Unlimiting Mind: The Radically Experiential Psychology of Buddhism
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Both broad and deep, this eye-opening book is one of the best available overviews of the radical psychological teachings underlying the Buddhist approach to freedom and peace. Sophisticated without being daunting, brilliantly clear without becoming simplistic, Andrew Olendzki's writing is filled with rich phrases, remarkable images, and the fruits of decades of careful thought. Grounded in profound scholarship, psychological sophistication, and many years of teaching and personal practice, this much-anticipated collection of essays will appeal to anyone looking to gain a richer understanding of Buddhism's experiential tools for exploring the inner world. In Unlimiting Mind, Olendzki provokes fresh and familiar reflections on core Buddhist teachings.
of desire? How in this context do we live the wisdom of the Buddha’s ancient alternative? The path of transformation laid out by the tradition is a gradual one, a path of gently replacing one set of habits with another. Most of us are too much a product of the world that shaped us to entirely give up our embedded attitudes of changing the world to meet our needs. And, of course, this strategy of personal psychological accommodation does not obviate the need to act skillfully to change things
to one another, each lifting the other up and showing compassion for one another’s suffering? Even to those we do not particularly like or understand; even to those who are “of no use” to us; even, dare I say, with our own hand? HEALING THE WOUNDS OF THE WORLD MANY OF US TODAY are thinking about security, wondering how best to keep our families and our nations safe. Because so much of the danger in the world lately seems to be focused in the Middle East and southwest Asia, we most often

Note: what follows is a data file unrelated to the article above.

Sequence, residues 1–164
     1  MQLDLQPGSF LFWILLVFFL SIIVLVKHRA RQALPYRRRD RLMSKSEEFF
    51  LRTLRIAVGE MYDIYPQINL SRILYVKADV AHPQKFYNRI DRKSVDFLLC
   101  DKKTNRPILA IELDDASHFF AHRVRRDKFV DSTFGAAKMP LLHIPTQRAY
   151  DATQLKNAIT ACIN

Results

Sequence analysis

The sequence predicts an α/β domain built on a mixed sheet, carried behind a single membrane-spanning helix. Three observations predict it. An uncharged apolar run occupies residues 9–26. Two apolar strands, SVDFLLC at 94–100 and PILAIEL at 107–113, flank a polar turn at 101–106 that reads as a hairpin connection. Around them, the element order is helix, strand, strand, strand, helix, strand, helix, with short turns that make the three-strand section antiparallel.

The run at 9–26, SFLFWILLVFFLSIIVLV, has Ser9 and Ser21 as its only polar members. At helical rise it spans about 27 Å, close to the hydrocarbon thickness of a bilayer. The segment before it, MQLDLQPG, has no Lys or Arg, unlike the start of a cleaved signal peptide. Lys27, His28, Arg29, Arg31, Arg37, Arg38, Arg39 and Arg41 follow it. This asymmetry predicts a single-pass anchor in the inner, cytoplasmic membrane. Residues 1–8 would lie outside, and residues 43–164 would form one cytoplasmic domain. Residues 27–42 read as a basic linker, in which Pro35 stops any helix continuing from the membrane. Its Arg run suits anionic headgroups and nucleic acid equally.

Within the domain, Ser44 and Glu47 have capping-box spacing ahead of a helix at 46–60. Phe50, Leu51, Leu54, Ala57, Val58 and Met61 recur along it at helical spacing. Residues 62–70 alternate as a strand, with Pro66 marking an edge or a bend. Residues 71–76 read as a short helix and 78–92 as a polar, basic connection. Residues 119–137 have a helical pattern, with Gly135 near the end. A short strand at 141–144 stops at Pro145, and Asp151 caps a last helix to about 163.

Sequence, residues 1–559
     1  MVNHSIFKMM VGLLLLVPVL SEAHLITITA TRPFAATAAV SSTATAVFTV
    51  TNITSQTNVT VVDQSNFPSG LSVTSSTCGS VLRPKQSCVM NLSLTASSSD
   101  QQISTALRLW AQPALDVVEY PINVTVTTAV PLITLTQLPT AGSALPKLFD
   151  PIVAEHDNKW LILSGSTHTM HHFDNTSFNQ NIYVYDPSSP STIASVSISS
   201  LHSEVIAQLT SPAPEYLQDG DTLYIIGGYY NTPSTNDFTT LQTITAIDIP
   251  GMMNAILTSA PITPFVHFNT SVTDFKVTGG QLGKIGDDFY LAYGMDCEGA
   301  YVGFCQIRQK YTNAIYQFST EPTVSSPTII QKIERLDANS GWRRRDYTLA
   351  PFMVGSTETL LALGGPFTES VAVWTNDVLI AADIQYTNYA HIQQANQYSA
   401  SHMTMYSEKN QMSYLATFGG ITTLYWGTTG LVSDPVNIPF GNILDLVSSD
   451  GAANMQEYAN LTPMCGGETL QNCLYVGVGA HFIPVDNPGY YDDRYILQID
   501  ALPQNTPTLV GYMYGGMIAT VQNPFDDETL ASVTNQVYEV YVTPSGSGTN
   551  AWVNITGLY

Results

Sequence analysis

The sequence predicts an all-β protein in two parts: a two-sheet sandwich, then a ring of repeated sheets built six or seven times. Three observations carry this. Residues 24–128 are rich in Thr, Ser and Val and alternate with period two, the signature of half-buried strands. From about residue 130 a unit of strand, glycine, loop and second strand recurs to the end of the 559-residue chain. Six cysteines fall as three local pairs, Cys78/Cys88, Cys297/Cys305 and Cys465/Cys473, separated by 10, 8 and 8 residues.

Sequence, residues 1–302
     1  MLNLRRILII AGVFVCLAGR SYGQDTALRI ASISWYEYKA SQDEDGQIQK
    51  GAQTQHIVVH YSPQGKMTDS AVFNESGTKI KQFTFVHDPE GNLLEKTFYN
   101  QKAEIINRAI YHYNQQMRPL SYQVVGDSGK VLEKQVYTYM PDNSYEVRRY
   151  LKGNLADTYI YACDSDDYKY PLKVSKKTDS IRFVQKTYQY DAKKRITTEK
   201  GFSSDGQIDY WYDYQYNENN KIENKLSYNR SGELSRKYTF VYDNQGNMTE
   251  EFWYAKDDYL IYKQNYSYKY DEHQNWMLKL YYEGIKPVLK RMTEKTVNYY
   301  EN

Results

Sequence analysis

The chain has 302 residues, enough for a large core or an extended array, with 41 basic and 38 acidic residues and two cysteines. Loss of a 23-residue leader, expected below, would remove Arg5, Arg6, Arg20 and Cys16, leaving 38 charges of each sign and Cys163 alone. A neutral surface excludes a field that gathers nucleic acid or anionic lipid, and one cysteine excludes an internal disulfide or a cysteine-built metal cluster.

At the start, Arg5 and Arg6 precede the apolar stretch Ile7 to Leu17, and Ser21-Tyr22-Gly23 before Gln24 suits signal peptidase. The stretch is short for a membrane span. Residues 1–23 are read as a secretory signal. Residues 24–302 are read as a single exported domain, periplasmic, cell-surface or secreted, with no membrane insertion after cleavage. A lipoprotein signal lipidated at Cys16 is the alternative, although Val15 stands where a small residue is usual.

away,” and if this falsely constructed self becomes a source of alienation and suffering, then surely the elimination of the “separate self” will result in awakening to a much wider picture of reality. All this is true, but when the little word separate is added, it suggests that what one opens to is a non-separate self. I think the early Buddha would consider this to be just trading a problem for a much bigger problem. The quandary of the human condition is not that we are connected to too
wakes up to the truth that the bone is empty of anything that will offer him satisfaction, he becomes disenchanted and spits it out. The Buddha uses this word at the high end of his teaching. It is not that the novice meditator should practice by regarding things as disgusting. It is not even that an advanced meditator will thereby become disenchanted with the home life and get herself to a nunnery. But the Buddha is suggesting a thorough investigation of all aspects of one’s experience, the
constructions. An understanding of what the Buddha taught is spread across everyone who has ever heard and construed those teachings, because each instance of such an understanding is a local event taking place in a specific moment of interpretation by a particular individual. That individual may be trained in the study of religion, or steeped in the meditative arts, or embedded in a political or religious agenda, or inept at thinking outside a limited comfort zone, or all of the above and more.